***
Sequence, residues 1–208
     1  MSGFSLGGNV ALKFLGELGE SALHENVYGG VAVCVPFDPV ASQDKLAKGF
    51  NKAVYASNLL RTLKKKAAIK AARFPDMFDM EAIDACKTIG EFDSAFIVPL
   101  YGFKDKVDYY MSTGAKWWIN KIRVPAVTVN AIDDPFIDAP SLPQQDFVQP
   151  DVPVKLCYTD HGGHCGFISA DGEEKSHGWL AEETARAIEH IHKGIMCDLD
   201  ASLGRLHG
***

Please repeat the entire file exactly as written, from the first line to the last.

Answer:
Sequence, residues 1–208
     1  MSGFSLGGNV ALKFLGELGE SALHENVYGG VAVCVPFDPV ASQDKLAKGF
    51  NKAVYASNLL RTLKKKAAIK AARFPDMFDM EAIDACKTIG EFDSAFIVPL
   101  YGFKDKVDYY MSTGAKWWIN KIRVPAVTVN AIDDPFIDAP SLPQQDFVQP
   151  DVPVKLCYTD HGGHCGFISA DGEEKSHGWL AEETARAIEH IHKGIMCDLD
   201  ASLGRLHG